Tips to Improve Your Credit Score for an FHA Loan
The idea of purchasing a new home can be exciting, but researching what mortgage loan options are available to you can be daunting if you don't know where to start. As you visit various banks and financial institutions, you will likely hear about an FHA loan, which differs slightly from a conventional mortgage loan.
An FHA loan is a loan insured by the Federal Housing Administration. This type of loan is often an attractive choice to many prospective home buyers because the interest rates of an FHA loan are typically lower than those of a conventional loan. Additionally, a large down payment may not be required.
However, when you get an FHA loan, you will be required to pay mortgage insurance each month in addition to your mortgage payment, plus an initial upfront mortgage insurance payment. This amount can vary based on the amount of the loan. The insurance protects the lender should you default on the loan.
FHA Loan Information and Requirements
While FHA loan requirements can be more flexible than those of a conventional loan due in part to the mortgage insurance, a low credit score can still decrease your chances of being approved. Before seeking an FHA loan, take steps to raise your credit score so that you won't be disappointed. A minimum credit score of 580 is needed to secure an FHA loan with only a 3.5 percent down payment amount.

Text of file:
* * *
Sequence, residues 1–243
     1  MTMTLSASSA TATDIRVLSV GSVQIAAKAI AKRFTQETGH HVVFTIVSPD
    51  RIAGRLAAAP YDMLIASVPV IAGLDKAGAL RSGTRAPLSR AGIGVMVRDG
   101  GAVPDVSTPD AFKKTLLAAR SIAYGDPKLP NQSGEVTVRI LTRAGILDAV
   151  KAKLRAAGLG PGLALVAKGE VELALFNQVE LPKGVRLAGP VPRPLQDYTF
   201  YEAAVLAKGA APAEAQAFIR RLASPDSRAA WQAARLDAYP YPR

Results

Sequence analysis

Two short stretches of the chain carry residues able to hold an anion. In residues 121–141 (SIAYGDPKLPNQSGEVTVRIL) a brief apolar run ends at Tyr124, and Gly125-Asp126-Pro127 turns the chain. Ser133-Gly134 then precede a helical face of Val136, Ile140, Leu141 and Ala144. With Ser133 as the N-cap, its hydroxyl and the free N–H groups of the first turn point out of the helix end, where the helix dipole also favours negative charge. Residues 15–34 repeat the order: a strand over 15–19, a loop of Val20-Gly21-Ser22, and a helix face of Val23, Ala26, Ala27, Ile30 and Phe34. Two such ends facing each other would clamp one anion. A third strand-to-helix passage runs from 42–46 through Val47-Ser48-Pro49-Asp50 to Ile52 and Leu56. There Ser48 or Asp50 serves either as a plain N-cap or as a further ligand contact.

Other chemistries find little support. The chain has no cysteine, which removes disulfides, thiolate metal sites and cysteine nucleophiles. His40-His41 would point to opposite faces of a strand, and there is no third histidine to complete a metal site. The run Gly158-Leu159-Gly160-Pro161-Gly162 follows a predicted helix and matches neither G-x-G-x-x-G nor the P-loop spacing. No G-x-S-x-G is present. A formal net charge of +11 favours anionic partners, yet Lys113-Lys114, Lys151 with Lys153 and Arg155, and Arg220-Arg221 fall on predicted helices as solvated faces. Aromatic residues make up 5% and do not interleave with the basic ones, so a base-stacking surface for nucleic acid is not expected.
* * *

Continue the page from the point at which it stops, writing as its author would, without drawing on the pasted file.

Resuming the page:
How to Raise Your Credit Score
Here are three steps you can take to raise your credit score:
1. Review Your Credit Reports
Sometimes credit reports contain information that is inaccurate or hasn't been updated to reflect recent changes, such as paying off late bills or a collections agent. Check your credit report for any mistakes, and if you find any, contact the reporting agencies so that the report can be updated. Even a few small errors being fixed can result in a significant change in your score.
2. Eliminate Bad Habits: Pay Your Bills on Time
Credit card companies aren't the only institutions that report your financial activity to the credit reporting agencies. Utility companies such as the electric company, the cable company, and even your phone carrier can report late or missed payments to credit agencies as well. Continually reported late payments can reduce your credit score, so make sure you are paying all your bills on time. Additionally, try not to spend too much on your credit cards, as high balances can also cause an issue.
3. Reduce Your Credit Card Balances
Your credit card balances count as debt. High balances can negatively impact your credit score, so reducing them can work in your favor. Additionally, when you apply for a mortgage, the lender will look at your debt to income ratio. This is derived by figuring out how much you make each month versus how much debt you have to pay each month. As ample credit card balances can equate to a high amount of debt, subsequently giving you a high debt to income ratio, the lender may require you to pay off some of the debt in advance before being able to approve you for the loan. In conclusion, it is always wise to maintain a good credit score, as it can help you in many aspects of your life, especially when applying for a loan.